Set S of coordinates (x,y), and am estimating f(x)=ax+b where a>0. ∀x,y((x,y)∈S⟹y<f(x)).

pominjaneh6 2022-08-12 Answered
set S of coordinates ( x , y ), and am estimating f ( x ) = a x + b where a > 0. I also happen to know that x , y ( ( x , y ) S y < f ( x ) ).
The question is how I can utilize this knowledge of the upper bound on values to improve the regression result?
My intuition is to run a "normal" linear regression on all coordinates in S giving g ( x ) and then construct g ( x ) = g ( x ) + c, with c being the lowest number such that x , y ( ( x , y ) S y g ( x ) ), e.g. such that g ( x ) lies as high as it can whilst still touching at least point in S. I do, however, have absolutely no idea if this is the best way to do it, nor how to devise an algorithm that does this efficiently.
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Answers (1)

Kody Larsen
Answered 2022-08-13 Author has 11 answers
Your suggestion to do an ordinary regression and then move it up is a fine way to go about it. This is pretty easy, especially if you have a decent statistics library:
1. Fit the regression.
2. Calculate the residuals, the difference between the y coordinate of each point and the y coordinate of the line at that point, given by β ^ 0 + β ^ 1 x i , where x i is the x coordinate of the point. There may be a built-in way to do this. There are matrix-algebra representations as well.
3. Find the largest residual. Not largest in absolute value, just straight-up largest.
4. Add the value of the largest residual to the intercept β ^ 0 of your regression model.
Your regression line now passes through the highest point and is above all the other points.
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New questions

Euclid's view and Klein's view of Geometry and Associativity in Group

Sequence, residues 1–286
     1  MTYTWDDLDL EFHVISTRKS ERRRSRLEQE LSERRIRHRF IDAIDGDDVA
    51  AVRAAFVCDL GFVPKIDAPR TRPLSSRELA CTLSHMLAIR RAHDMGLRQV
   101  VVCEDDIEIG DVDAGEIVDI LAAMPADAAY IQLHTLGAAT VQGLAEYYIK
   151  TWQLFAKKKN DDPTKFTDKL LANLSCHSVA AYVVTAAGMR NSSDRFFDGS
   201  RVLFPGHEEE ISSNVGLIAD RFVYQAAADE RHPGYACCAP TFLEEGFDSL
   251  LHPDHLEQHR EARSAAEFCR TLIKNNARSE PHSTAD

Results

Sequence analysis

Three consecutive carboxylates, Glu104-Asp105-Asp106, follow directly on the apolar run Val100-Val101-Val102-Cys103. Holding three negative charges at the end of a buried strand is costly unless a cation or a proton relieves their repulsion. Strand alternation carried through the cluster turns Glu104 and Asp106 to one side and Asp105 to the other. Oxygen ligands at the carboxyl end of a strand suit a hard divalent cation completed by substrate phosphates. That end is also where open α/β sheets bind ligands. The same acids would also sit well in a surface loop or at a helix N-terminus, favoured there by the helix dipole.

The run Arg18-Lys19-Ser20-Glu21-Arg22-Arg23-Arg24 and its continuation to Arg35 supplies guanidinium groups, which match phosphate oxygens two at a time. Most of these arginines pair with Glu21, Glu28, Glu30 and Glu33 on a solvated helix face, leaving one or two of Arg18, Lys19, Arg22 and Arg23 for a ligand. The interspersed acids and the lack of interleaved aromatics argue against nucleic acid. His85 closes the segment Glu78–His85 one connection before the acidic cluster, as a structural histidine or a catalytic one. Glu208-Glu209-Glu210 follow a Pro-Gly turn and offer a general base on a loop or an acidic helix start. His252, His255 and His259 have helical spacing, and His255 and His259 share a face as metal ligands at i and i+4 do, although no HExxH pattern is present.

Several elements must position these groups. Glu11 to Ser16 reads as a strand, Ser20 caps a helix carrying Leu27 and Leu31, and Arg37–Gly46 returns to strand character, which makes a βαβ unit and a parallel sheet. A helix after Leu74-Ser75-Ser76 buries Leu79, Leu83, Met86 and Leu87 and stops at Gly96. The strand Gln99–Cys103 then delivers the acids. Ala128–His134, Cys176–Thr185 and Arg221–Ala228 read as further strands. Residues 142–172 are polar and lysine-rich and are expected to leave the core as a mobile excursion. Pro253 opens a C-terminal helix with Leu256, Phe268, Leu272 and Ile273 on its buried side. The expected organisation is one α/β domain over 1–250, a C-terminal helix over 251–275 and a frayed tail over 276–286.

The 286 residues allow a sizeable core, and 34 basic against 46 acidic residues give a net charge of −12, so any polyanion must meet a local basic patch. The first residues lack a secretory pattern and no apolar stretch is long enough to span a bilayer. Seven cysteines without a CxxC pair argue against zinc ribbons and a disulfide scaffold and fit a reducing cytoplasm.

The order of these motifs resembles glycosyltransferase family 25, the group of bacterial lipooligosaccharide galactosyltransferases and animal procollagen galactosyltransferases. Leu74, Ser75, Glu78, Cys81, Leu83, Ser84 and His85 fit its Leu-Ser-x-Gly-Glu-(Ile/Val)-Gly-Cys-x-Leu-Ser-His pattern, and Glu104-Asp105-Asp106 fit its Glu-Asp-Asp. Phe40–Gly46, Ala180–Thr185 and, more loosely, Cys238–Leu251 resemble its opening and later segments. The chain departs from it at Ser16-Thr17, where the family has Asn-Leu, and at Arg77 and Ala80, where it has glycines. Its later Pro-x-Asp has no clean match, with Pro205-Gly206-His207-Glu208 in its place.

One common item in the have a look at of Euclidean geometry (Euclid's view) is "congruence" relation- specifically ""congruence of triangles"". We recognize that this congruence relation is an equivalence relation
Every triangle is congruent to itself
If triangle T 1 is congruent to triangle T 2 then T 2 is congruent to T 1 .
If T 1 is congruent to T 2 and T 2 is congruent to T 3 , then T 1 is congruent to T 3 .
This congruence relation (from Euclid's view) can be translated right into a relation coming from "organizations". allow I s o ( R 2 ) denote the set of all isometries of Euclidean plan (=distance maintaining maps from plane to itself). Then the above family members may be understood from Klein's view as:
∃ an identity element in I s o ( R 2 ) which takes every triangle to itself.
If g I s o ( R 2 ) is an element taking triangle T 1 to T 2 , then g 1 I s o ( R 2 ) which takes T 2 to T 1 .
If g I s o ( R 2 ) takes T 1 to T 2 and g I s o ( R 2 ) takes T 2 to T 3 then h g I s o ( R 2 ) which takes T 1 to T 3 .
One can see that in Klein's view, three axioms in the definition of group appear. But in the definition of "Group" there is "associativity", which is not needed in above formulation of Euclids view to Kleins view of grometry.
Question: What is the reason of introducing associativity in the definition of group? If we look geometry from Klein's view, does "associativity" of group puts restriction on geometry?